Cotton market in weak mode
DR ZAFAR HASSAN
Cotton Market: Domestic cotton prices have entered a weak phase due to relatively dull New York futures due to dullish global prices, post-election blues in Pakistan and strong stringency in the local currency market. Thus the current pace of ready cotton business is slow but may pick up after a week or ten days.
The reported business volume is also comparatively small. Moreover, yarn prices are also said to be on the lower side and thus textile business is said to be slow. Therefore both raw cotton market and yarn businesses are said to be lackluster. It appears that many mills have covered themselves till the arrival of the new crop (August 2013 – July 2014), a small amount of which may trickle in during end of June or early July 2013.
Planting of early sown cotton crop is likely to be complete in about another three weeks in Punjab, while in Sindh it is also progressing well. Current cotton crop (August 2012 – July 2013) is selling variously between Rs 5,400 and Rs 6,400 per maund (37.32 Kgs) according to the quality. Sales of cotton are mostly sparse and occasional.
In a recent report from trade circles in Karachi, it was learnt that an Indian company had recently sold upto 3,000 tons of American upland new crop cotton (2013-2014) 41-4-36 G5 at 850 points on New York December 13. Textile circles said that about 200,000 spindles are being steadily added to Pakistan’s spinning capacity. Moreover, several spinners, including the larger groups are said to be adding additional back process to enable them to spin coarser counts of yarns.
There is belief in industrial circles that the new government of the incoming prime minister Nawaz Sharif will add power generating capacity in Pakistan in the not too distant future. This season’s (August 2012 – July 2013) mills cotton consumption is being envisaged at 15.5 million domestic size bales (155 Kgs). Furthermore, it is presently being projected that mills consumption during the next season (August 2013 – July 2014) is likely to increase to 16 million domestic size bales (155 Kgs).
On the global economic and financial front, the spotlight this week was on Ben Bernanke, the Chairman of the Federal Reserve in the United States. In his recent speech, he appeared quite ambivalent. Some people interpreted his speech to mean that the quantitative easing would continue so that the stocks and shares prices hit the roof and created new records, particularly in the United States. Thus after closing at record levels last Tuesday, the next day the US stock market futures prices started to fall. A number of observers were of the view that shares prices had risen to unduly high levels and Bernanke could yet raise interest rate this coming June (2013) which could lead the equity markets for a major correction viz. a sizeable fall in prices. Thus several investors could be inclined to book their profits leading to a major correction in equity prices.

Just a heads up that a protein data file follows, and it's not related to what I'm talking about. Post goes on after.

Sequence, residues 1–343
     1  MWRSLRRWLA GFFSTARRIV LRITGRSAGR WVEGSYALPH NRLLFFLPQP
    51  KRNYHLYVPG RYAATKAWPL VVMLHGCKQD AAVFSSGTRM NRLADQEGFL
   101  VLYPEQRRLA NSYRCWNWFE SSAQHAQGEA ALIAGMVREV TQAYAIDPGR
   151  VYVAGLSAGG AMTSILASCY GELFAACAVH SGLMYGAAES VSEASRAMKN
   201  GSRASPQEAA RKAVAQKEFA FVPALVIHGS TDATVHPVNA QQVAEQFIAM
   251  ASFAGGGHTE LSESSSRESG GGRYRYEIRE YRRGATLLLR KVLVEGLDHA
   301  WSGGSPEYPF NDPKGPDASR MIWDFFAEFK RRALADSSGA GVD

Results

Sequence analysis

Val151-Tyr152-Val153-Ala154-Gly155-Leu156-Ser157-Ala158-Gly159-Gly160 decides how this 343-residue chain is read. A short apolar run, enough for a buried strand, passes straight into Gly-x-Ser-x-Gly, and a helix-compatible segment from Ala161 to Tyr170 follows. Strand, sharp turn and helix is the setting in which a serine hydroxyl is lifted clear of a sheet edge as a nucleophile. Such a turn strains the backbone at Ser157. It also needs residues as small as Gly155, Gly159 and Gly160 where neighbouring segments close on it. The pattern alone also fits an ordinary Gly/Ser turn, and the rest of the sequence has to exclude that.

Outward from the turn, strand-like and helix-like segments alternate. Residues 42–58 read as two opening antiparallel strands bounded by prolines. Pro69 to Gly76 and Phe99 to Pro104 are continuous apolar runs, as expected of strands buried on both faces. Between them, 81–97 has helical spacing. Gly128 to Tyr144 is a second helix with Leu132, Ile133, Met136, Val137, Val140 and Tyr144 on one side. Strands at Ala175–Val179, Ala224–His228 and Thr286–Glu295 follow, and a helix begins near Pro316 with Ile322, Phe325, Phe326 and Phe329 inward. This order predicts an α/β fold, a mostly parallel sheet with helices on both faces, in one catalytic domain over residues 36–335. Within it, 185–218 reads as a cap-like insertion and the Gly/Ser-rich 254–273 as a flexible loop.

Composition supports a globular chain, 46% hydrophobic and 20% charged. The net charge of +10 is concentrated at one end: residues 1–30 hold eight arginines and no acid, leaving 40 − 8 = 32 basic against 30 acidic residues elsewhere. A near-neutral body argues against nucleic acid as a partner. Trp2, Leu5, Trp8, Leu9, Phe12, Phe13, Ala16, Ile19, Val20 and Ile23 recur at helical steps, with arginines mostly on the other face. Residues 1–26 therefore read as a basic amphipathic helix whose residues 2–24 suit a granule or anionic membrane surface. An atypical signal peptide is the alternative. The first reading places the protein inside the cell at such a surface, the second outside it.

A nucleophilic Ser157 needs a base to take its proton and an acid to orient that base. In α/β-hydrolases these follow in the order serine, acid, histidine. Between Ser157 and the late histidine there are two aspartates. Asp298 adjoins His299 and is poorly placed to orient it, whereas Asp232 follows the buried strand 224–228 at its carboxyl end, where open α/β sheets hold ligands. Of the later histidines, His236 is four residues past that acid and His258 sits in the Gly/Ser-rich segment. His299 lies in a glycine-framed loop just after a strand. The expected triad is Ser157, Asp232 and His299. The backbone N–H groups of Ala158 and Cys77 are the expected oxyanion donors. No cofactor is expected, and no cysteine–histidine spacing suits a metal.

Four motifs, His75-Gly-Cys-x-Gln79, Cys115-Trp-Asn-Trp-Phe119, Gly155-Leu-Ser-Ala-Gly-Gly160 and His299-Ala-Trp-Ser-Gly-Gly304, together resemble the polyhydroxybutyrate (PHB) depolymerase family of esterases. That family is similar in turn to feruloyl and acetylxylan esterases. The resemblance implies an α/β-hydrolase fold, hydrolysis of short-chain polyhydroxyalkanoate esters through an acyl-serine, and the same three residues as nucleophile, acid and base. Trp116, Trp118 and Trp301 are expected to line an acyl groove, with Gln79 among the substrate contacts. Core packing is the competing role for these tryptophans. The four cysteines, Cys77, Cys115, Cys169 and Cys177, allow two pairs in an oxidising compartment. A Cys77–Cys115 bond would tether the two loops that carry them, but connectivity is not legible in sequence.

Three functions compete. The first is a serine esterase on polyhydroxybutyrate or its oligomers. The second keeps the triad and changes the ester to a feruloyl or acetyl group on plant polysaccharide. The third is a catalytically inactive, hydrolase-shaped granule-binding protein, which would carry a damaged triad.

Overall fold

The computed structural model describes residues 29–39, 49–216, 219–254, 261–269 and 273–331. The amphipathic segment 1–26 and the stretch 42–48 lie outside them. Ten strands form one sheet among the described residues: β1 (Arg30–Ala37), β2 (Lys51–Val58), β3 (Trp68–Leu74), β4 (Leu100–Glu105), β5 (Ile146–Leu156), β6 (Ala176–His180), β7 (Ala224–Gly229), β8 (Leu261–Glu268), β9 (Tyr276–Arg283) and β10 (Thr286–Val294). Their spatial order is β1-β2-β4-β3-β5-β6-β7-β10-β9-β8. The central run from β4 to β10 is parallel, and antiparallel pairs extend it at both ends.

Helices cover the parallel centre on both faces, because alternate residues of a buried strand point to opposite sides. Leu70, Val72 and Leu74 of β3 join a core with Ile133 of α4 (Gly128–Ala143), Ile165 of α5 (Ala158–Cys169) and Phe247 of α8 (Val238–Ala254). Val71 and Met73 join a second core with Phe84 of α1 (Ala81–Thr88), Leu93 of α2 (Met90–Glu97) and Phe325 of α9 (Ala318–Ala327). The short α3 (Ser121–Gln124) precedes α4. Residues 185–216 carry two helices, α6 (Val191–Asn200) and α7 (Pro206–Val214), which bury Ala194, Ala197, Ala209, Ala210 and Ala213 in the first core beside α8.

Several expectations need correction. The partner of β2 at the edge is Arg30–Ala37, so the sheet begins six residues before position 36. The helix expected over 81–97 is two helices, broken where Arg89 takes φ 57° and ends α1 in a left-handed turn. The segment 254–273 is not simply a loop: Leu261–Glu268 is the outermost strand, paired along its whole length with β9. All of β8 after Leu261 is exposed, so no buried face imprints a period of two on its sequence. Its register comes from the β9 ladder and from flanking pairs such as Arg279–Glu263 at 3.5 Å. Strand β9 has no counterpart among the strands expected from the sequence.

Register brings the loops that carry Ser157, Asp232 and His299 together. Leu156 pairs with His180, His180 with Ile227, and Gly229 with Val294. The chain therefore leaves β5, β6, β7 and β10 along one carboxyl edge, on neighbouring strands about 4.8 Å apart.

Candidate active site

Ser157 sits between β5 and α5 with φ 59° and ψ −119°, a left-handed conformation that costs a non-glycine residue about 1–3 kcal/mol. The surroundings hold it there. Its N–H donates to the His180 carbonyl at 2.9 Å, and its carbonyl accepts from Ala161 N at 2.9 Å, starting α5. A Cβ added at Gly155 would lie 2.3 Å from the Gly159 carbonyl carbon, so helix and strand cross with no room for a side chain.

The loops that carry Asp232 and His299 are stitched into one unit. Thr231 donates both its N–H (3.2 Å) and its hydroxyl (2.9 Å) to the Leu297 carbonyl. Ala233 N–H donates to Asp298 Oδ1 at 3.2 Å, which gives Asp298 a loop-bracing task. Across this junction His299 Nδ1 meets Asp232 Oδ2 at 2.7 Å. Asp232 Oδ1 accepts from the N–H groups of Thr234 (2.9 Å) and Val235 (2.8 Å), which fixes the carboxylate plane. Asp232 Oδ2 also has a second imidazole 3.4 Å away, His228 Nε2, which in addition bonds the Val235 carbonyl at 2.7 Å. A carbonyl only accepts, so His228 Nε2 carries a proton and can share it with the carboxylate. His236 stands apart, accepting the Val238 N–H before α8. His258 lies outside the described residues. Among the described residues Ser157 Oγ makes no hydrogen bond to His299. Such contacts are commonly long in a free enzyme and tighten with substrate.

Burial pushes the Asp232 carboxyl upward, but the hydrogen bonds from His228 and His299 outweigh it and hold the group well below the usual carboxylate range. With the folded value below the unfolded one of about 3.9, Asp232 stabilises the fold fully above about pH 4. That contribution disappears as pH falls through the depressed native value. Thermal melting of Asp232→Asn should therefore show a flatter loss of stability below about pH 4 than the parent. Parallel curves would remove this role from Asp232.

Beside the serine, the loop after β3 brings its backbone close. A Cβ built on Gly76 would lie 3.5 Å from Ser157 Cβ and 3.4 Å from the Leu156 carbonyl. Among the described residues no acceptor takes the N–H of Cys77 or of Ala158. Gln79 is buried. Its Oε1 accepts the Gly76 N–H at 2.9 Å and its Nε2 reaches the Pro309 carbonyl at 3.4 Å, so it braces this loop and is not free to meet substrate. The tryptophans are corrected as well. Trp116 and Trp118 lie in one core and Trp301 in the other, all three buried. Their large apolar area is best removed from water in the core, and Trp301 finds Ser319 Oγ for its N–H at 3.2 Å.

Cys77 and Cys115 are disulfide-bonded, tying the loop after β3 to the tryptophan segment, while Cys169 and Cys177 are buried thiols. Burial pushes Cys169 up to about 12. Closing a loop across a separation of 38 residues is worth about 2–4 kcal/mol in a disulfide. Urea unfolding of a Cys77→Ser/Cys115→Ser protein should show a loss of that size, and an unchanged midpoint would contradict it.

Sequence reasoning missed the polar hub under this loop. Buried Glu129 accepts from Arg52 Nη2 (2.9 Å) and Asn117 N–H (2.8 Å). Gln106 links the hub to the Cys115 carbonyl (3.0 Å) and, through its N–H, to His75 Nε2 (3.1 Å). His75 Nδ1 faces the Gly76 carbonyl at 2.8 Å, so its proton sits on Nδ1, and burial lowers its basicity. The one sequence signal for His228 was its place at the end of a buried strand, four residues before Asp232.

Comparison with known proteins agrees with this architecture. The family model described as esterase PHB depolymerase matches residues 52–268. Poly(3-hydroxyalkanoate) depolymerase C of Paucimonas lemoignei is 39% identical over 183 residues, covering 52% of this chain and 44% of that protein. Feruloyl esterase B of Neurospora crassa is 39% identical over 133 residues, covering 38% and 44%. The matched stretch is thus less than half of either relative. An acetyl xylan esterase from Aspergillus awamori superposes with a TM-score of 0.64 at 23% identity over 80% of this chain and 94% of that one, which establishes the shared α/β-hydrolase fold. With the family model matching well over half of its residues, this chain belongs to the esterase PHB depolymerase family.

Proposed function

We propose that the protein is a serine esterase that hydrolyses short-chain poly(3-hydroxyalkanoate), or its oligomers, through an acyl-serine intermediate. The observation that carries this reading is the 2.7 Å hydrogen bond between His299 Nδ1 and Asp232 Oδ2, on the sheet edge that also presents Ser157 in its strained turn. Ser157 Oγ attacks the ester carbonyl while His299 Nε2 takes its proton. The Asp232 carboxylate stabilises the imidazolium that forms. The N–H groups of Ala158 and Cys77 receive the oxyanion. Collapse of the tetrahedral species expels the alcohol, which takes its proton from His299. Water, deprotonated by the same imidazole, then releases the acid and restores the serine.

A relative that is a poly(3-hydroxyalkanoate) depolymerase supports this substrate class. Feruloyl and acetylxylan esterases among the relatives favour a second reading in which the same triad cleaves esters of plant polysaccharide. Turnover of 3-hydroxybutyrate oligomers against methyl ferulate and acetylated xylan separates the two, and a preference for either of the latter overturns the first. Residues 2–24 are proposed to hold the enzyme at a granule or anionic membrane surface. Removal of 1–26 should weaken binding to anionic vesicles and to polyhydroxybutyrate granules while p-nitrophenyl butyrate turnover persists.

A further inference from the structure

No doubt the shares prices in the United States had also risen last Tuesday by strong reports concerning the housing industry and increased consumer confidence. The subsequent decline in US stock markets futures also influenced the equity markets in Europe, Germany, France, the Far East and elsewhere.
Indeed it has just been reported that the American economy grew at a relatively slow pace during the first quarter than was envisaged earlier. Moreover, claims for unemployment benefits are said to have risen last week signifying a weakish US economy. Thus any economic recovery in America remains sluggish. Other trouble spots in the global economy remain in Japan which has not yet turned the corner.
Thus its shares prices have plummeted sizeably. Furthermore, figures from the industrial sector in the eurozone show that consumer confidence fell last month as shown in a report of the European Commission. Some observers and analysts are now saying that economic problems will start mending after 2014. However, if previous experience over the past five years is any guide, eurozone is unlikely to extricate itself from its economic mess in the foreseeable future. Cotton market
The same dismal story regarding unstable economies in most parts of the world continues to rail the business, banking and the industrial world. If you look at Brazil or India, no light seems to appear at the end of the tunnel. A London report recently stated that any proposal by the European Central Bank to cut interest rates below zero would impart an added blow to the money market funds already suffering in a low rate environment.
In summing up the situation, we are facing a threatening possibility during the forthcoming summer in case the US Federal Reserve, the European Central Bank or the Bank of England try to stifle the large and almost assured supply of almost interest free money to the global banking system and in turn to investors and public welfare institutions at large. Business Recorder